Scribblenauts is a nice idea. At heart, it’s a puzzle game. Sometimes the puzzle is “how do I travel from point A to point B?”; other times, the puzzle is “how do I chop down that tree?” Each level begins with a different hint, but onscreen avatar Maxwell’s objective is always the same: find the Starite!
Consider the “ugly duckling level”. Reunite the ugly duckling with the swans, and you’ll receive a precious Starite. Of course, there’s a hitch; you’ve got to protect the birds from a hungry cat. Using the shoddy stylus controls, you could pick up the cat, walk over to the lake, and drop the poor feline in, you heartless beast! While the cat sits in the water mewing, it should be easy enough to jump up to the hill, pick up the ugly duckling, and . . .
. . . uh oh. The hill is too high to reach! No matter how many times you try, Maxwell simply cannot reach the top. Tap the notebook icon with the stylus, and a keyboard appears; type out the words “JET PACK” and a jet pack pops up onscreen. Maxwell can then strap it on, fly up to the duck, and carry it back to the swans. Mission accomplished!
Play the level again, and it kicks into Advanced Mode. This requires you beat a stage three times in a row, using three different solutions. Sure, you can still use the jet pack the first time. You could also type the word “CRANE” and use a giant construction machine to pick up the duck and drop it amidst the swans. “PEGASUS” is a more fanciful option. If you’re feeling saucy, you can summon “CTHULHU” and frighten the duck off its perch . . . assuming the nefarious lord doesn’t kill the bird first.
It’s gratifying to watch your mind’s creations (devious or otherwise) come to life and accomplish in-game objectives. Even the title screen entertains; it’s just a big, open room that lets you imagine a world and watch it work. Create a Communist, and he’ll charge towards the Capitalist with murderous intent. Summon a vampire and it turns the communist into an undead ghoul. Use the stylus to type out “VAMPIRE HUNTER” and a replica of Vampire Hunter D hacks the bloodsucker to death. It was all pretty cool — like a virtual playground for my imagination — until the game stopped predicting what I wanted to happen.
I created a Hydra. I created Hercules. The legendary warrior lost the battle.
I created George Washington. I created a cherry tree. Then I gave George an axe. Sadly, there’s not any more to the story than that. You can’t issue orders; summoned characters do whatever they want. George didn’t want to do much of anything.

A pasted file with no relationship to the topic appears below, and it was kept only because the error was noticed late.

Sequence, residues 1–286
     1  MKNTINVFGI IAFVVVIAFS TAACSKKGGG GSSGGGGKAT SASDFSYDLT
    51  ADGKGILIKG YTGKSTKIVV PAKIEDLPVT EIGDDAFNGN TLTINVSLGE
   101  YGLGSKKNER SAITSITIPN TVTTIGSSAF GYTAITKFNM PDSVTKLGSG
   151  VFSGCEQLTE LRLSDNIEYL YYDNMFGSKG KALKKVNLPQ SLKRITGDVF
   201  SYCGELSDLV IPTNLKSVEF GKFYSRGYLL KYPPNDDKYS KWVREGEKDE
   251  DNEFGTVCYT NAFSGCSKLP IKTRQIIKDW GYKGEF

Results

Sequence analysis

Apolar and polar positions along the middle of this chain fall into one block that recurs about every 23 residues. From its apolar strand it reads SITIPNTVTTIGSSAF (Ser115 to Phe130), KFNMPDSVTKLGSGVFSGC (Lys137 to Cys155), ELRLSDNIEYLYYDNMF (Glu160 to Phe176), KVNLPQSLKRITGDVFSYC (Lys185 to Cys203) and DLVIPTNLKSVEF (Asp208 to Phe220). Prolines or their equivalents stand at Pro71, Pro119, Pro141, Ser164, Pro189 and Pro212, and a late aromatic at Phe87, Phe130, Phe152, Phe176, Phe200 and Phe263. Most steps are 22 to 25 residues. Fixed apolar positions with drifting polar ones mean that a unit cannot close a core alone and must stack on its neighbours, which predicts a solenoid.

When the game stopped predicting what I was thinking, the magic began to fade. It was no longer a fantastic world of pretend; it had become just another game with its own set of limited rules. The game’s 200 challenges were intended to keep players’ minds churning out new concepts, but a few important classes of items quickly become apparent:
Deadly Creatures: Slime, Ooze, Murderer. These will eliminate troublesome obstacles while still letting you earn the “No Weapon!” merit.
Small Flight Items: Wings, Jet Pack, Rocket Pack (yes, the game actually considers Jet Pack and Rocket Pack as two different solutions even though they look and behave identically). These let Maxwell fly anywhere on the screen, and he doesn’t have to worry about getting stuck. Jet Planes and Pegasii have trouble navigating tight passages.
Connectors: Rope, Cable, Cord. Sometimes it’s good to tie two things together . . . or to tie something to yourself.
The capability to create hundreds of entities isn’t particularly impressive when 80% of the game can be mastered with less than a dozen. Developer 5th Cell must have forgotten that most gamers seek degenerate solutions and will keep using what works. Great games become more difficult and build on their own mechanics until you’ve accomplished far more than you originally expected. Scribblenauts works in reverse — the game becomes easier and less stimulating as it goes on. For a puzzle game, that’s the kiss of death.
If you’re looking for a quick diversion, Scribblenauts‘ title screen will give you that. If you’re looking for a bunch of bite-size challenges, Scribblenauts will give you that, too. What the game won’t provide is an enduring, rewarding experience.
But it was a nice idea.